FeatureIssue 10

The Performance Artist or If He Did It: Cosby’s Show

Bill Cosby was once regarded as one of the great figures in twentieth-century American culture. Whilst he lacks the stature of a Chaplin, still his originality, influence and sheer talent remain unrivalled among his fellow comedians. Certainly no entertainer alive can equal his achievements as a path-breaker for black performers in popular media. However, Dr Cosby is currently most renowned – and has come to the attention of those under thirty unfamiliar with his achievements in the first place – for an alleged nasty habit of drugging women and assaulting them. At the very least he must be guilty of serial adultery on a scale unimaginable even by Charlie Sheen. (Sheen’s mistresses tend to be consenting and more or less conscious, which is why he is unlikely soon to stand trial; unless of course he is charged for knowingly infecting his bedmates – he has been HIV positive since 2011 and paid extortionists ten million dollars in hush money until he decided to reveal the fact in public himself in November last year).

Never has a figure fallen so far from grace so quickly: for almost forty years Dr Cosby had been one of America’s most beloved television personalities – anybody who had been a child or teenager in the 1980s grew up with The Cosby Show – but it took a mere month or two for him to be universally reviled as a rapist. He has been charged with serious crimes, though not convicted; even so the people have made up their minds: Dr Cosby’s public virtues and generous philanthropy were simply an act, and his former audiences are outraged to have been deceived for decades by such a patent hypocrite.

Dr Cosby’s public persona before November 2014 was that of an avuncular family man. His reputation for assertive moral rectitude was an early development in his career: he has always been as much a teacher as a comedian. In 1969, when he created The Bill Cosby Show (his first short-lived star vehicle for NBC Television – the theme song, Quincy Jones’s “Hikky Burr”, is better known than the program itself) he played a well-meaning young schoolteacher. His didactic TV programs for children (The Electric Company 1971–73; Fat Albert and the Cosby Kids 1969 and 1972–85; Picture Pages 1984–89) consumed so much of his life in the 1970s that he was even awarded a Doctorate in Education by the University of Massachusetts at Amherst in 1976 for a dissertation entitled ‘An Integration of the Visual Media Via Fat Albert And The Cosby Kids Into the Elementary School Curriculum as a Teaching Aid and Vehicle to Achieve Increased Learning’. His failed 2009 hip-hop/rap album Bill Cosby Presents the Cosnarati: State of Emergency was also fundamentally educational.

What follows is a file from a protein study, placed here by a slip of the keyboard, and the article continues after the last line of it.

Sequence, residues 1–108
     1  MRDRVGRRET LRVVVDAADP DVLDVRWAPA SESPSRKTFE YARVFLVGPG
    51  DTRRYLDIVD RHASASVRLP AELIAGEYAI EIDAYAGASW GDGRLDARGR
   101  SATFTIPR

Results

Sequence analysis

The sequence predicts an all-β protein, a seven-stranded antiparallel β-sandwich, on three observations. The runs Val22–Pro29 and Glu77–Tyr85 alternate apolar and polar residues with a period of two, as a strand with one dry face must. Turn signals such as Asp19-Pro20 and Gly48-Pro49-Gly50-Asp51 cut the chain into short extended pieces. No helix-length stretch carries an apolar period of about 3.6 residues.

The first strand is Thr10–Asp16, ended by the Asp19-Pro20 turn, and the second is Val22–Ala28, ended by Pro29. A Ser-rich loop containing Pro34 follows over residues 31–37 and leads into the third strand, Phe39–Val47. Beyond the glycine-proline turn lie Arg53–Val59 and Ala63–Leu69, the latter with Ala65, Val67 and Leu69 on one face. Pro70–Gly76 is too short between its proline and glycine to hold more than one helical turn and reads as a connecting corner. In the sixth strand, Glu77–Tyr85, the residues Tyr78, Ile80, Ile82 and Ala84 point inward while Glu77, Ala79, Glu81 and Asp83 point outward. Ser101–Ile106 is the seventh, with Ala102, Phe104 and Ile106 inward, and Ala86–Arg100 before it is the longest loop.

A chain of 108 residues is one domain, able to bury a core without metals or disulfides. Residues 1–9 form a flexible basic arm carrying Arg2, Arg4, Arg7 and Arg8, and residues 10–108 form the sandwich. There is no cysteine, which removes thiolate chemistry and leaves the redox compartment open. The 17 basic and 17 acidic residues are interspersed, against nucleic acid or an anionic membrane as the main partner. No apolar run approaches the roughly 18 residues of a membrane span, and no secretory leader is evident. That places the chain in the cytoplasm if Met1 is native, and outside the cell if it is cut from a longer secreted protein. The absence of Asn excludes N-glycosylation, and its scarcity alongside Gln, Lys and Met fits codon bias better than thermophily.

Until the 2000s Dr Cosby’s conservative didacticism was largely gentle and indirect, although he was well known to be frustrated with the self-indulgence, violence and nihilism of rap, hip-hop, R&B – of black popular culture in general. His work had also darkened since 1997, when his son Ennis was murdered in an attempted carjacking. In May 2004, at an awards ceremony for the NAACP commemorating the fiftieth anniversary of the racial desegregation of state schools in the American South, Dr Cosby gave what is now known as ‘The Pound Cake Speech’: a furious attack on ‘Black Vernacular English’, black single-parent families, black consumerism – a wide variety of perceived evils in contemporary African-American culture:

 

But these people, the ones up here in the balcony fought so hard. Looking at the incarcerated, these are not political criminals. These are people going around stealing Coca-Cola. People getting shot in the back of the head over a piece of pound cake! And then we all run out and are outraged, “The cops shouldn’t have shot him.” What the hell was he doing with the pound cake in his hand? I wanted a piece of pound cake just as bad as anybody else, and I looked at it and I had no money. And something called parenting said, “If you get caught with it you’re going to embarrass your mother.” Not “You’re going to get your butt kicked.” No. “You’re going to embarrass your family.”

 

Dr Cosby essentially blamed the ‘racial achieve­ment gap’ in America on blacks themselves. The speech was more impassioned than focussed, but the point seems to have been that the black community lacked strong father figures. Dr Cosby’s claims in this speech were not necessarily Christian; in fact he praised the Nation of Islam for contributing to lower crime rates wherever they were present. Still, his ideal seems to have involved a black America that sounds a great deal like Protestant white America, or at least shares its tastes and aspirations:

We are not Africans. Those people are not Africans; they don’t know a damned thing about Africa. With names like Shaniqua, Shaligua, Mohammed and all that crap and all of them are in jail.